I recently read an interesting article from The Atlantic online. It’s a thoughtful piece seeking to respond primarily to the question: “does Facebook make us more lonely”, while secondarily offering a few thoughts on narcissism and Facebook / Social Media.
Here are some excerpts:
“…Our omnipresent new technologies lure us toward increasingly superficial connections at exactly the same moment that they make avoiding the mess of human interaction easy. The beauty of Facebook, the source of its power, is that it enables us to be social while sparing us the embarrassing reality of society—the accidental revelations we make at parties, the awkward pauses, the farting and the spilled drinks and the general gaucherie of face-to-face contact. Instead, we have the lovely smoothness of a seemingly social machine. Everything’s so simple: status updates, pictures, your wall.
But the price of this smooth sociability is a constant compulsion to assert one’s own happiness, one’s own fulfillment. Not only must we contend with the social bounty of others; we must foster the appearance of our own social bounty. Being happy all the time, pretending to be happy, actually attempting to be happy—it’s exhausting. Last year a team of researchers led by Iris Mauss at the University of Denver published a study looking into “the paradoxical effects of valuing happiness.” Most goals in life show a direct correlation between valuation and achievement. Studies have found, for example, that students who value good grades tend to have higher grades than those who don’t value them. Happiness is an exception. The study came to a disturbing conclusion:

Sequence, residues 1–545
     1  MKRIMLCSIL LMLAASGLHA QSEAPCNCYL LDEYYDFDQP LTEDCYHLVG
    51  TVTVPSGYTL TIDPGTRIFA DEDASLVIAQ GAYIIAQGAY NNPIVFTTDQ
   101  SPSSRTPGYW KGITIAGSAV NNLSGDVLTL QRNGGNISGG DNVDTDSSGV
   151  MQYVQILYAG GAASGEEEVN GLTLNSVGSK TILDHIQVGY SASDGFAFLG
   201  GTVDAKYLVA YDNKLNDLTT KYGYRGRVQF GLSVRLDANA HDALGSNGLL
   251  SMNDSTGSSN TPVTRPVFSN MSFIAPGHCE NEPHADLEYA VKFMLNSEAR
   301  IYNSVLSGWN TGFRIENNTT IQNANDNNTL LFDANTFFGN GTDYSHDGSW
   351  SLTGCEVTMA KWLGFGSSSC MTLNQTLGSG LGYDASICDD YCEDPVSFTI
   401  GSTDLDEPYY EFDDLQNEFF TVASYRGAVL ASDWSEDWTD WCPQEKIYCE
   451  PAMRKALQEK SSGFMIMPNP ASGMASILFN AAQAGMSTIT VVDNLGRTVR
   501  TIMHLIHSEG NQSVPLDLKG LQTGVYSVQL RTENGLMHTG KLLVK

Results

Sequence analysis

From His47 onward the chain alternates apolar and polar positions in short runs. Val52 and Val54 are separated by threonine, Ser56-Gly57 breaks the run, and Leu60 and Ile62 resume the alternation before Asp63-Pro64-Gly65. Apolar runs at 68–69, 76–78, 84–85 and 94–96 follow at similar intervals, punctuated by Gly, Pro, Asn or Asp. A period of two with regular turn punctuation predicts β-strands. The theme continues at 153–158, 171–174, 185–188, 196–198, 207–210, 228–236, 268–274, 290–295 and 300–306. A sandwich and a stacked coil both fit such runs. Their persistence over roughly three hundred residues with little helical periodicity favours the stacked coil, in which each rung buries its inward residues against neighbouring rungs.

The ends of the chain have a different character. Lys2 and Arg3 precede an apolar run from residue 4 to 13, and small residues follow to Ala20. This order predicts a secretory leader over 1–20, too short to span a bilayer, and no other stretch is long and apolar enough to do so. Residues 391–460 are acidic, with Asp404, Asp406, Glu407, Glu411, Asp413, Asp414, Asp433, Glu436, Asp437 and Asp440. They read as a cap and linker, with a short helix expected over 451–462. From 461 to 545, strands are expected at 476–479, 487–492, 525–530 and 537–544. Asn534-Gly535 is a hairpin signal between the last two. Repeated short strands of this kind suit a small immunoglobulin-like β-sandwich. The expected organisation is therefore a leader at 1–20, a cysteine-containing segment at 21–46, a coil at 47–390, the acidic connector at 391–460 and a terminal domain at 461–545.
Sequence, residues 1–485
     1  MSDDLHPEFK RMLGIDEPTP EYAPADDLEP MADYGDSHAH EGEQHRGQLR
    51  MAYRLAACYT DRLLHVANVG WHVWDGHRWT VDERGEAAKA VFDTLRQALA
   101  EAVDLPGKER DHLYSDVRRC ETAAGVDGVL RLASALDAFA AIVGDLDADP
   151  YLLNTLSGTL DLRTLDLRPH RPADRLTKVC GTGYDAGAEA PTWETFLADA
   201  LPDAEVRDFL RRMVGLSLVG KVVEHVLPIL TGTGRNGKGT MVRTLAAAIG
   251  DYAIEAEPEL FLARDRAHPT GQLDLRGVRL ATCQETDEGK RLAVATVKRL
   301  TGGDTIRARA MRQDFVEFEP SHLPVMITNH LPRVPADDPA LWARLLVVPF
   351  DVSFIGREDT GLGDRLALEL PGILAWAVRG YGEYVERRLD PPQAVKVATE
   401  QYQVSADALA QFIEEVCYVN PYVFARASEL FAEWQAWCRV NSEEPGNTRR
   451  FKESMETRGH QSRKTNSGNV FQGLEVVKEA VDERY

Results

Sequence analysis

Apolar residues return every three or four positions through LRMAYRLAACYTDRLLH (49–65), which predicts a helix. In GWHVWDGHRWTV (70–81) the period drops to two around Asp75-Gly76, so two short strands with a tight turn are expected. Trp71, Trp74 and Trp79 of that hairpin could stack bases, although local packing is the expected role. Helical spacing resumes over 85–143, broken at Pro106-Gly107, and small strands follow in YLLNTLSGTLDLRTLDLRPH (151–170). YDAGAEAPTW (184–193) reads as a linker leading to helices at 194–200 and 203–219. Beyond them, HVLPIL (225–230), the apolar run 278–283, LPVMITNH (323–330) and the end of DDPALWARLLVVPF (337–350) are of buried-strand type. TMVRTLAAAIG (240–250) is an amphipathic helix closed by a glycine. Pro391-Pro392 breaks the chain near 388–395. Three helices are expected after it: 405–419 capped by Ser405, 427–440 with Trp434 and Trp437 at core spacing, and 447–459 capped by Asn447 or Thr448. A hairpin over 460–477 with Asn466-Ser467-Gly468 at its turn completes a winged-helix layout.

Valuing happiness is not necessarily linked to greater happiness. In fact, under certain conditions, the opposite is true. Under conditions of low (but not high) life stress, the more people valued happiness, the lower were their hedonic balance, psychological well-being, and life satisfaction, and the higher their depression symptoms…
The more you try to be happy, the less happy you are…
…Perhaps not surprisingly, then, the Australian study “Who Uses Facebook?” found a significant correlation between Facebook use and narcissism: “Facebook users have higher levels of total narcissism, exhibitionism, and leadership than Facebook nonusers,” the study’s authors wrote. “In fact, it could be argued that Facebook specifically gratifies the narcissistic individual’s need to engage in self-promoting and superficial behavior.
Rising narcissism isn’t so much a trend as the trend behind all other trends…”
You can read the full article online here.